Ballot Access Law and the Media Circus

At World Wide Hippies, Phil Polizatto reflects on the absurdity of our ballot access laws, and argues that they provide an explanation for why "so many wannabes go to extraordinary lengths to attract media attention."  Excerpt:
It’s difficult enough to get on a ballot as a Democrat or Republican, but try to run as an Independent or a third party and it is nigh on to impossible, hindered by 50 different state laws, financial requirements, and the number of signatures of registered voters required on a petition for nomination. I feel better only by the fact that most of the public and much of the media do not understand the ballot access laws either.
The many hours I have spent researching just a few states’ requirements has almost turned my mind into a petrified forest. There is no way that I could detail the restrictive ballot access in each of the 50 states without writing a reference book. Before I become brain dead, therefore, allow me to speak in generalities.
Though Florida, of all states, requires no filing fee (a very recent change in policy,) most of the others do. If you happen to be able to run as a Democrat or a Republican, the filing fees required to be on every state’s general ballot will average out to approximately $8100. In addition to the filing fees, a candidate must submit a petition signed by registered voters. Here comes the incomprehensible part: if you are an “important” Democratic candidate, you will need to submit 26,000 signatures nationwide. If an “important” Republican, he or she needs 54,750. I cannot explain this discrepancy.

“Unimportant” Democrats need more than 112,000 signatures, while “unimportant” Republicans must submit 141,000. And guess who decides who is “important” or “unimportant?” Television newsmen and major newspaper reporters decide who someone worth covering is: the more coverage, the more important. If you can attract the right kind of attention and enough of it, then that candidate has a much easier time getting on the ballot. In fact, some states waive the petition signatures altogether if the would-be candidate is deemed “important” enough.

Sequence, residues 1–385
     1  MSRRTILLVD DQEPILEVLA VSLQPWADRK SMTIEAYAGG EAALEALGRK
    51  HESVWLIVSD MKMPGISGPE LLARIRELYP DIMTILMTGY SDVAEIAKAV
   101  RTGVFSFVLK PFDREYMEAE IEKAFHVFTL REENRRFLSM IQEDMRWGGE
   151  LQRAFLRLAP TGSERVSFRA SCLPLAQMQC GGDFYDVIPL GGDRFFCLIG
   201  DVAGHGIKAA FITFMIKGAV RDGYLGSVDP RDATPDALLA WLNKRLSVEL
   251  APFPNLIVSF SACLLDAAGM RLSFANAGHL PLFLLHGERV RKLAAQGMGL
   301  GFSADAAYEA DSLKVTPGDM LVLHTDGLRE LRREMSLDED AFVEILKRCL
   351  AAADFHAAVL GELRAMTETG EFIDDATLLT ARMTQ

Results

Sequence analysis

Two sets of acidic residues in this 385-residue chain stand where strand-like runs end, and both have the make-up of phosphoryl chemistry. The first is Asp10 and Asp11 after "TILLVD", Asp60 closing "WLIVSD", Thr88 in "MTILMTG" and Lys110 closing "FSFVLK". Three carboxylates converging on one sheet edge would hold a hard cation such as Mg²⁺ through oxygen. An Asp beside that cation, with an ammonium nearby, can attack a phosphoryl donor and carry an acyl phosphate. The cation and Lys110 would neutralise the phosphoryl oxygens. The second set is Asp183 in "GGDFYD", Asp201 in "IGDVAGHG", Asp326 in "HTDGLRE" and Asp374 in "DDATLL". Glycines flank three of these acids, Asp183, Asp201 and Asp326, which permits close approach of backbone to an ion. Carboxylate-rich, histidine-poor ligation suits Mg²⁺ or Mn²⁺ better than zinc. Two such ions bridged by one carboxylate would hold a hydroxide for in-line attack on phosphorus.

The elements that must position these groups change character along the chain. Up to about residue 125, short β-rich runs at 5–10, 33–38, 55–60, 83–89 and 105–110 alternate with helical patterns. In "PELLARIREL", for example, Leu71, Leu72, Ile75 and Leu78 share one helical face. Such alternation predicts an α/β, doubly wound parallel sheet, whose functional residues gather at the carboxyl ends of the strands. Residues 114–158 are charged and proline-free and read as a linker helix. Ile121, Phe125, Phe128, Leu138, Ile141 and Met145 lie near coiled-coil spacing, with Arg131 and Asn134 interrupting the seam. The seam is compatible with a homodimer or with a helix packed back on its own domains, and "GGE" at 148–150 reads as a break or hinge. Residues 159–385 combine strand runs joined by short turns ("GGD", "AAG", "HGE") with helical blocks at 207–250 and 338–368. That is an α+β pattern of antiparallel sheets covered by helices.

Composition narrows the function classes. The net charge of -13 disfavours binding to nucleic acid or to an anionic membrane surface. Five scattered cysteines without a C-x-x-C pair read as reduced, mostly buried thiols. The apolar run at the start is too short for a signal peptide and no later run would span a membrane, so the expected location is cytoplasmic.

Is it no wonder then that so many wannabes go to extraordinary lengths to attract media attention? We see, read, and hear the gimmicks they use every day. Saying outrageous and outright lies about an issue or opponent, taking a bus tour of historic monuments, jamming with a rock band, making a huge deal about something you don’t even really believe in as long as it will endear you to the crowd of the moment… any gimmick will do as long as it will attract the attention of the media and lots of it.
For independents and third party nominees, the laws are more severe than for candidates running as Democrats or Republicans . . . 
Read the whole thing.  Polizatto apparently started researching the various laws while considering an independent campaign for president himself.  The article goes on to provide a short history of how and why ballot access laws were tightened time and again over the course of the twentieth century.


Samuel Wilson said...

It was an interesting article. I'll have to look further into the significance of 1924, a year I associate with LaFollette's Progressive candidacy. Maybe it was that rather than Socialists, who had been more powerful earlier under Debs, that scared the Bipolarchy. In any event, I'll say again that the ultimate solution to ballot access may be to reimagine the ballot itself.

d.eris said...

Darcy Richardson has a book on La Follette, the Progressive movement and third party politics in the 1920's. It's part of his series on the history of third party and independent politics in the US.

I'm still stumped on trying to re-imagine the ballot itself.

Samuel Wilson said...

Just realize that every argument for limiting ballot access is based on the limited space on a ballot and ask yourself whether modern technology can liberate the ballot from physical space.